Tuesday, April 15, 2014

Day 4 of the Exciting Adventures of Flat Tucker!

We woke up to Day 4 of Flat Tucker's DC Adventure to some very different weather. Lots and lots of rain! Fortunately we did not have a lot of outdoor activities on our agenda!

After breakfast at the hotel we took the subway to the Holocaust Museum. There are no photos allowed in this museum. This museum is a very interesting, yet disturbing museum. You learn and see a great deal about the Holocaust, the persecution of the Jewish people from Nazi Germany from 1933-1945. To comprehend this history and to see it visually can be disturbing and very sobering. It is important to learn about this history though, because as people we need to learn from it so as not to repeat it.

After leaving the museum we trekked in the rain, which seemed fitting after that subject matter, over to the Air and Space Museum. The mood here was much more upbeat.

This museum is very large and full of planes and space artifacts. We got to touch a moon rock, saw the Command Modules from John Glenn's first orbit of the Earth and Apollo 11's flight to the moon. We also saw a model of the Lunar Module that Astronauts Neil Armstrong and Buzz Aldrin used to land on the moon.

Apollo 11 Command Capsule
Apollo 11 Lunar Module

From space to the very first flight we saw the plane of the Wright Brothers. It was amazing in the fact that they must have been crazy to have the guts to actually ride on such a thing! You'd certainly think looking at this plane that one or both of the brothers surely ended up dying in a plane crash or some other risky accident, but Wilbur died at the age of 45 of Typhoid Fever and Orville at the age of 76 of a heart attack.

The Wright Brothers Plane
After touring the museum we stopped in the gift shop to purchase some space ice cream and headed back outside to more rain and to find the temperature had dropped significantly! Thankfully the subway was only a couple blocks away!

Took the subway over near the White House to have a nice dinner at a restaurant, The Old Ebbitt Grill, that boasts it is "The Oldest Saloon in Washington"! It was established in 1856! It was a neat place. There were animal heads over the bar, one was a walrus, that are said to have been bagged by Teddy Roosevelt! I had delicious crab cakes and Joey had "the Good Burger" which he said lived up to its name! We may even try going back again before we leave DC!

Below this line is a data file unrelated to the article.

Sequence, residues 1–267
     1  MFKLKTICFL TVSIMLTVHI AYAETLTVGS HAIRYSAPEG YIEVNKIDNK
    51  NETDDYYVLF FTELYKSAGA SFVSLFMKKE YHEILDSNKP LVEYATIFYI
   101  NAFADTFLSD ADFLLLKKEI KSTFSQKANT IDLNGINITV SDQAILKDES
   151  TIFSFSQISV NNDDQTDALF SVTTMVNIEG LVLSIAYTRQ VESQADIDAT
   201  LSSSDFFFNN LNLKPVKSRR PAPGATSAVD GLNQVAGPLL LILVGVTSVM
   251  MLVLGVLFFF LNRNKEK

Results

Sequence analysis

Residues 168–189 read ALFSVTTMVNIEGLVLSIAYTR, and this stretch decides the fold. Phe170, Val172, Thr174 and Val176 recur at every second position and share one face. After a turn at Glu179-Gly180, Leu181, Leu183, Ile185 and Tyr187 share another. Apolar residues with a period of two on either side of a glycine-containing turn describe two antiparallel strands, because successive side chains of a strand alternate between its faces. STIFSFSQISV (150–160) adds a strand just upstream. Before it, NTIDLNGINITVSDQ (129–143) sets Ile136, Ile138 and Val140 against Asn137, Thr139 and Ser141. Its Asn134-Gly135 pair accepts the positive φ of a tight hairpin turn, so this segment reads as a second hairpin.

Even though we were in the restaurant for quite awhile the rain was still holding strong outside so we made a mad dash the few blocks back to the hotel to warm up for the night! Thank goodness Flat Tucker is laminated!  Weather forecast says it will be cooler for the rest of our stay, but supposed to be dry! I hope the weather forecaster is correct!

Monday, April 14, 2014

Day 3 of the Exciting Adventures of Flat Tucker!

Up very early today. We wanted to make sure we had no subway mishaps so that we would arrive at Senator Johann's office at 8:40 as expected for our guided tour of the Capitol. Thankfully all transportation issues went smoothly and we arrived before they even unlocked the doors!

Felt like we were back in Nebraska once we walked through the doors of the Senator's office with all the Nebraska Cornhusker memorabilia everywhere! He even had a football signed by coach Bo Pelini on his fireplace mantel.

In the Senator's office we met our guide, Jacob. I have emailed often with Jacob over the past few months to set up all our tours and he was really friendly. He is from Springfield, NE, which is not far from our home in Gretna, both of which are basically suburbs of Omaha, so we had a lot in common.

Jacob took us to the basement of the Senator's office building where we found a mini-subway that transports senators underground into the Capitol building. We were able to ride over that way. It was really interesting. Jacob explained they do this for convenience, but mostly for the security of the Senators. The other Congressional office buildings are connected to the Capitol Building in a similar manner for the same reasons.

Once in the Capitol we watched a short film explaining how the building was built and the significance it has to the history of our nation. After the film Jacob walked us through and pointed out the architecture, artwork, and shared many interesting facts. One interesting point he showed us was a spot where a crypt was built that was designed for George Washington's body to be placed as the Father of our Nation. It is in the center of the Capitol Building and it also marks the exact center of Washington DC. Due to the will that George Washington left behind and the feelings of the Washington family President Washington's body was never placed in the crypt. It remained where it was buried at Mt. Vernon, Washington's home. The crypt in the Capitol remains empty.

Statue inside the Capitol replicating the one on the top of the dome.

Jacob also walked us around the outside of the Capitol Building grounds and showed us the different carvings in the building and explained their meaning. He also showed us where the president stands for the Inauguration. Jacob was able to attend the Inauguration of President Obama in 2013 but he said he was so far away he could barely see him! He said it was neat to be in attendance though!
The front of the Capitol Building

The back of the Capitol Building facing the National Mall. The Presidential Inauguration takes place at the top of the stairs under the center of the dome.

Finally, we returned inside and we were able to sit for a short bit inside the Gallery of the House of Representatives. This is where the House of Representatives meets to debate and vote on the laws that they set. Congress is in recess right now for the Easter holiday so there weren't any members of Congress present, but if it were a regular working day we would have been able to watch them debate and discuss the present bills that are up for debate. We were not able to take any pictures during this section because photos are not allowed. They actually take all electronic devices from you; cameras, phones, etc. and lock them up before you can go in!